When I first worked as a technical editor for a NASA contractor, we used red pens or pencils to edited documents written by engineers. After marking them up, we passed them on to the Word Processing department. People in Word Processing, who understood things called software programs, made our changes on computers, and printed out clean copies for us to check. This process repeated until we had the most readable copy of the document to give back to the customer. Sometimes, it took weeks to finish a document or months to finish a large project.
Then, everything changed. And I’m allergic to change.
Soon, we were sending documents to Word Processing to be scanned, and editors were required to edit them on new computers located in common areas. There were no options. Nobody said “please.”
They’ll have to pry this red pen out of my dry, shriveled hand when I’m 80, I told myself.
But my employer had other ideas. To keep my job, I had to learn quickly how to edit on a computer. “We’ll have training to show you how to use the software,” they said. I doubted my ability to learn the New World.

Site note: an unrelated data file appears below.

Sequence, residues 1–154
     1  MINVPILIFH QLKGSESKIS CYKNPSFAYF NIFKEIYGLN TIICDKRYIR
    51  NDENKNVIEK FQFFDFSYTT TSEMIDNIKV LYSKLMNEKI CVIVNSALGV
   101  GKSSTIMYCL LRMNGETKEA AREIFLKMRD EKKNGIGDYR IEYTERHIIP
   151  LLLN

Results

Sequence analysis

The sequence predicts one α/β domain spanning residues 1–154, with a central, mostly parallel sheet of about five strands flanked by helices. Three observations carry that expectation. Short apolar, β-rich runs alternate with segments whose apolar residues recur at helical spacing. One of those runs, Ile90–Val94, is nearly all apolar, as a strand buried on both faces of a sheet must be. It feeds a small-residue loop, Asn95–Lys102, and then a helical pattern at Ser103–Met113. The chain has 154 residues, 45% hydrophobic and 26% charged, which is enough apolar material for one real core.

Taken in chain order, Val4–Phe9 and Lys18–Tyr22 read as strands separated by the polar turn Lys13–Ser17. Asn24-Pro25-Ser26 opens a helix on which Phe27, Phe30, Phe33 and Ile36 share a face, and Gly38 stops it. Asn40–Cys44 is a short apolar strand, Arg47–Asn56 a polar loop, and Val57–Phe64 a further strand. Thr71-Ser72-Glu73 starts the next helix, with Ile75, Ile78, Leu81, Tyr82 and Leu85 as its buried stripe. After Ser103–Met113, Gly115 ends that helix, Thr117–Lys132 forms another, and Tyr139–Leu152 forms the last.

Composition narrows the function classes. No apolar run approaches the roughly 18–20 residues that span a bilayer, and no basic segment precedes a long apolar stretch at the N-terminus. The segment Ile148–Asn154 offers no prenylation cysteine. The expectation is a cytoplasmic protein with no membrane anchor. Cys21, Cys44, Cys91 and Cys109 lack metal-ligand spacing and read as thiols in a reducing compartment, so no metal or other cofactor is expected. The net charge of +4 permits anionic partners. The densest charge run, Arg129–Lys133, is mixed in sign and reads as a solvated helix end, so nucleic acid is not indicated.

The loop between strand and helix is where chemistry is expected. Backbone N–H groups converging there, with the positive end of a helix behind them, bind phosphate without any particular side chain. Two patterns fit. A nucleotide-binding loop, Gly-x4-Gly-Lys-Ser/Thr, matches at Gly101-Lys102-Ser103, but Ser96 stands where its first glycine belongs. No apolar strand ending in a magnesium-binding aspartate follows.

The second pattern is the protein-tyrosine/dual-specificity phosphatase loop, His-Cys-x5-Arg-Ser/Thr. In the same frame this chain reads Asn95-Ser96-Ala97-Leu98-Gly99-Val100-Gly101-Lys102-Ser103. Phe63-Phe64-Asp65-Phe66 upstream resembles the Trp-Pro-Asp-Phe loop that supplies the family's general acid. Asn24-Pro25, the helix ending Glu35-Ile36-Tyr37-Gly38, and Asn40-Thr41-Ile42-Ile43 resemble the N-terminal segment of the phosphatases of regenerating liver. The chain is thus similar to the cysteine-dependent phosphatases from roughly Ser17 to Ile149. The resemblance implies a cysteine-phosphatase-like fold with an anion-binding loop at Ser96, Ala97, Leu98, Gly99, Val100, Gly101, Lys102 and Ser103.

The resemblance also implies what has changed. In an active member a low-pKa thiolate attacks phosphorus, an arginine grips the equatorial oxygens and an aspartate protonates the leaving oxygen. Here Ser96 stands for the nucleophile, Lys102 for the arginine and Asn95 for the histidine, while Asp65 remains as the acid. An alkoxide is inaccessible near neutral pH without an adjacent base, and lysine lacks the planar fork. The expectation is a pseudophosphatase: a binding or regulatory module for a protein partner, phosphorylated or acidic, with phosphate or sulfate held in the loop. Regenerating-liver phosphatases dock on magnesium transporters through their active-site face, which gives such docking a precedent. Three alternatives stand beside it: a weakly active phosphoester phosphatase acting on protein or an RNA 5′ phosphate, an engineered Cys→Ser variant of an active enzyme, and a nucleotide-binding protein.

In the beginning was Word. That seemed pretty straightforward and simple, until I had to add page numbers, headers, and footers. Well, at least I don’t have to hand measure for footnotes, I consoled myself.
Then, another change came, much scarier than the first.
The name I learned to hate was “Excel.” We were trained to create “macros” in Excel spreadsheets. It may seem rudimentary now, but back then it was cutting edge. I never fully caught on, and decided pregnancy would be a better option than continuing in the futility of macros. My former colleagues are under the impression that I retired from editing to stay home with Cowboy after he was born; the real reason was the birth of Excel.
With time, I’ve adjusted to progress. I’ve let go of some old-school writing tools such as encyclopedias and my Brother Word Processor from 1990, although the latter is keeping residence in our garage until it’s an antique.
But I’m keeping my dictionaries and my two copies of Strunk and White’s The Elements of Style. I still prefer hardcopies of books to electronic reading, and don’t see myself evolving to Kindle in this lifetime. I like the sound of pages turning, and seeing how much I have left until I get to the end of a book. And so, with one hand firmly clutching my Roget’s Thesaurus and the other hand on a mouse, I have the best of both worlds.